When people ask if they should call me “doctor,” I’ve always answered, “Please, call me Lubab.”
Titles don’t matter to me. But what does matter to me is for America to acknowledge my medical training and the skills I honed as a physician in Iraq and to let me work here as a doctor, especially after having toiled on the frontlines of Covid-19 care alongside thousands of other foreign-trained health professionals: physicians, nurses, medical assistants, and others.
We helped saved countless lives.
After graduating ninth in my class of 300 at Baghdad College of Medicine, I worked as a licensed pathologist for a decade in Iraq’s capital city. My family and I had to flee when death squads tried to kill us. At the time, I didn’t know where we would end up. When we arrived in the U.S. in 2014, I thought that it wouldn’t take long for me to qualify to work as a physician.
I was wrong. American laws make it difficult for foreign physicians to apply for licenses to practice medicine. The high cost makes it even harder.
So I ended up working the drive-thru at a Popeyes to make ends meet. We didn’t have thousands of dollars to spare for any reason, even to secure my future as a doctor. Eventually, I was lucky to find work as a pathologist’s assistant in New Jersey.
There’s a big difference between being a licensed pathologist and being a pathologist’s assistant. When a patient has surgery for cancer, the tissue the surgeon removes is sent to the pathology department. A pathologist’s assistant removes malignant tissue from the specimen and prepares it for the pathologist to analyze under the microscope and make a diagnosis about the specimen. In Baghdad, I was the one making the diagnosis. In New Jersey, I’m just the preparer.
I’m not alone living in this kind of professional limbo. A recent study from the Migration Policy Institute estimates that 263,000 immigrants and refugees have educations in health-related fields from abroad, but are either unemployed or underemployed in low-paying jobs here, an unfortunate waste of their brains. They aren’t able to work at the level of their training here because the U.S. does not make it easy for them to pass the licensing exams. I’ve come to realize that in America, medical licensing is a business. It’s all about money.
In April 2020, as Covid-19 was surging across the U.S., Phil Murphy, the governor of New Jersey, issued an executive order that gave some foreign-trained health care workers temporary licenses, which made it possible for them to help fight Covid-19. Through the executive order, I received a temporary license to work as a fully qualified physician, just as I had done in Iraq.
At the time, many clinicians were reluctant to go into the state’s nursing homes and test residents and staff members for Covid-19, worried about catching the virus themselves or bringing it home to their families. I don’t shy away from challenges, so I went into nursing homes in New Jersey to do nasal swabs on residents and staff. I was also able to work in Queens, Staten Island, and Brooklyn in New York where, thanks to the governor’s special dispensation, I supervised a team of unlicensed medical professionals — all of whom had trained abroad — to do this job across the region.
At the time, there was a growing realization of how deadly Covid-19 was in nursing homes. I and other foreign-trained health professionals helped prevent the number of such deaths from reaching even higher. I am proud of the work we did together.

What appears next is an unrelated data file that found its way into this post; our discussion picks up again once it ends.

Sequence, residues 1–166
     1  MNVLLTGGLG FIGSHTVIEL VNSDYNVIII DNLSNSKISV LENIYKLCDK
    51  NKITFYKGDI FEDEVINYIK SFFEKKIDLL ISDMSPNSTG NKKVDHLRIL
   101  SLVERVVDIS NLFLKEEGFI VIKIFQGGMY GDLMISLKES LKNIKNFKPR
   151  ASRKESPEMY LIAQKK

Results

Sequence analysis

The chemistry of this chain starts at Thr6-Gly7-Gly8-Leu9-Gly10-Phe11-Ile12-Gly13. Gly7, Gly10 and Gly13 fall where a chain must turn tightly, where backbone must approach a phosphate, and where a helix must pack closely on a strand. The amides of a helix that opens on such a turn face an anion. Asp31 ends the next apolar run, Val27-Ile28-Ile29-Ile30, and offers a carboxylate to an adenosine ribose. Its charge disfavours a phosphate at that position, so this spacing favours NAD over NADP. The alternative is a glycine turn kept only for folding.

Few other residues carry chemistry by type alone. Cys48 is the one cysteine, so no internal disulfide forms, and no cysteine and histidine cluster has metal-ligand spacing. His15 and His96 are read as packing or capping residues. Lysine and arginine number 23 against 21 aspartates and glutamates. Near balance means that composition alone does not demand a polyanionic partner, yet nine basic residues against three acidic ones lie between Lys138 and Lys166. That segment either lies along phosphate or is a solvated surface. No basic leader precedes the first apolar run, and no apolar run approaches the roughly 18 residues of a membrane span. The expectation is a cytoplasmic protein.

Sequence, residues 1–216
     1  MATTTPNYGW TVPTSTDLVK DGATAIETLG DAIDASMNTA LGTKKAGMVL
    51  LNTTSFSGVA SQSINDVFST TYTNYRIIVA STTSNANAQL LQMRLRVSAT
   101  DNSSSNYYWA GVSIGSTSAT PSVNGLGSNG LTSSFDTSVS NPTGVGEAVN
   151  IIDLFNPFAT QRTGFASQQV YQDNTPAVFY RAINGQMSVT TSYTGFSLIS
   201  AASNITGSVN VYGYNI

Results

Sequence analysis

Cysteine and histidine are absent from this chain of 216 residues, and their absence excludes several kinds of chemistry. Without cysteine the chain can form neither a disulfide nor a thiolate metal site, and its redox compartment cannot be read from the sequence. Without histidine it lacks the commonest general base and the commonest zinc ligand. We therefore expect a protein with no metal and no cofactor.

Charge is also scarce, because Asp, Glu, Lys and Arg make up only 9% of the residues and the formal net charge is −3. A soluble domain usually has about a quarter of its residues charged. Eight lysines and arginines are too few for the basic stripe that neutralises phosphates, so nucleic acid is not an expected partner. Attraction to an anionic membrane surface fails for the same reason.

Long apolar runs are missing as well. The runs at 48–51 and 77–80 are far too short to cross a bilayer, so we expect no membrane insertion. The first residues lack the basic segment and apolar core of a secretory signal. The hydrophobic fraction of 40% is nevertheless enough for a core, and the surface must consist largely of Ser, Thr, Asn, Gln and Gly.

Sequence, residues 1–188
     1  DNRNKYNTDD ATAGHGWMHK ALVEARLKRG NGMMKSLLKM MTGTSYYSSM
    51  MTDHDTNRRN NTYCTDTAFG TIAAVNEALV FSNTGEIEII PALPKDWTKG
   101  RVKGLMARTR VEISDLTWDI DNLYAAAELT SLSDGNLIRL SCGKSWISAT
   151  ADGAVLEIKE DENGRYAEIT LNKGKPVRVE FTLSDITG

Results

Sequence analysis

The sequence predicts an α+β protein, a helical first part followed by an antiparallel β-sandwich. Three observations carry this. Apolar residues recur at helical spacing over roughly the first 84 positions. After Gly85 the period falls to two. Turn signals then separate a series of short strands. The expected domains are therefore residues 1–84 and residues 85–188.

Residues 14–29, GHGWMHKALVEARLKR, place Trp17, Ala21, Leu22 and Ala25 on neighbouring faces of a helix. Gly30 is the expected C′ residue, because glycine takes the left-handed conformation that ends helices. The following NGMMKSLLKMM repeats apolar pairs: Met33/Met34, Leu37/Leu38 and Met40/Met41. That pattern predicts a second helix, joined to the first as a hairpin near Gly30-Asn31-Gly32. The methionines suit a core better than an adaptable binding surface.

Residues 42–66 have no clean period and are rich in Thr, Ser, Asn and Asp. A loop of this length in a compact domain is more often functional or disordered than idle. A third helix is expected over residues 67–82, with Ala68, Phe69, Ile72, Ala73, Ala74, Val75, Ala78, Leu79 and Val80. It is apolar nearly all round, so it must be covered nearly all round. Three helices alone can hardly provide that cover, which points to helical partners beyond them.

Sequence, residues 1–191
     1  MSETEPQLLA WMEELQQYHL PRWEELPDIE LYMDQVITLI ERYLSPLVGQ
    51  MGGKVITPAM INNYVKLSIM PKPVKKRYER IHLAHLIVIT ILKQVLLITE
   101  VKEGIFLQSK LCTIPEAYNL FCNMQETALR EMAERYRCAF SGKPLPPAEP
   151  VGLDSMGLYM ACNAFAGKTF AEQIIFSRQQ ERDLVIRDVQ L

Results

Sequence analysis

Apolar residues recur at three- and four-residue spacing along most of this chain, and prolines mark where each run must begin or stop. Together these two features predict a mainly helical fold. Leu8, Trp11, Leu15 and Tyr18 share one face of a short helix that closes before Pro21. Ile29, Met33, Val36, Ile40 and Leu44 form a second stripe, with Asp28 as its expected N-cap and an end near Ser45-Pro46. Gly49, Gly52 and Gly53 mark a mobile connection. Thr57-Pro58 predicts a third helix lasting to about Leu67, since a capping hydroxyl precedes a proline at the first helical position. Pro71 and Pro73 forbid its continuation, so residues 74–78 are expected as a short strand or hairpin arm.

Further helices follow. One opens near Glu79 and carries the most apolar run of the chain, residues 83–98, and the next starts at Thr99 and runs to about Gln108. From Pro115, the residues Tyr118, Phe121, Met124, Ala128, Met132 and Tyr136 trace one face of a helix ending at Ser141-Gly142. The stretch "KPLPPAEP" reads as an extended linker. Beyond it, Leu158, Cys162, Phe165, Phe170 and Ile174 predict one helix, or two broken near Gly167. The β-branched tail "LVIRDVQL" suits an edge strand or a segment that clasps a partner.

The executive order expired in February 2021, and with it my ability to work as a fully qualified physician.
Letting me and other foreign-trained health professionals work at close to the level of our foreign qualifications to help fight a pandemic that has so far killed more than 550,000 Americans and then taking away those licenses makes me feel like we are disposable, to be relied upon during the pandemic and then tossed aside like a used N-95 mask.
This morning, as I write this, I’ve already prepared 10 case reports for the attention of the senior pathologist in my department, who will arrive around 9:30 a.m. and sign off on my work. I often discuss cases with the pathologists on the team, and add information they had missed or insights they had not thought of. My colleagues recognize my expertise and trust my word.
I appreciate the opportunity they have given me, but I want to work in a way that puts my skills to their full use. I’ve written to President Biden and others seeking changes to the laws on foreign medical licensing, but I have yet to get responses. I have suggested that the U.S. model its approach to foreign-trained medics after the United Kingdom’s system, which allows people like me to work under the supervision of a U.K.-trained doctor for two years before taking a specialist examination. The cause has received some national attention from the New York Times, the New Yorker, NPR, and others. Still, I’m not holding my breath.
My family and I are saving money so I can take New Jersey’s exam, which will let me once again work as a licensed pathologist. But I can’t help feeling that it shouldn’t be this hard at a time when experts often sound the alert about the shortage of physicians in the U.S., especially in rural regions and poor parts of urban regions.
This country could benefit from treating foreign-trained professionals with the respect they deserve. The issue goes far beyond undervaluing health care workers. I have lost count of the foreign-trained engineers I have met working in Walmart or foreign-trained chemists driving taxis. A friend of mine is a brilliant math teacher from Turkey. But in the U.S., which has a shortage of math teachers, she isn’t able to serve her community with her teaching skills.
America can do better to value the talent and credentials of immigrants and refugees.
Lubab al-Quraishi is a licensed physician in Iraq who now works as a pathologist’s assistant in New Jersey.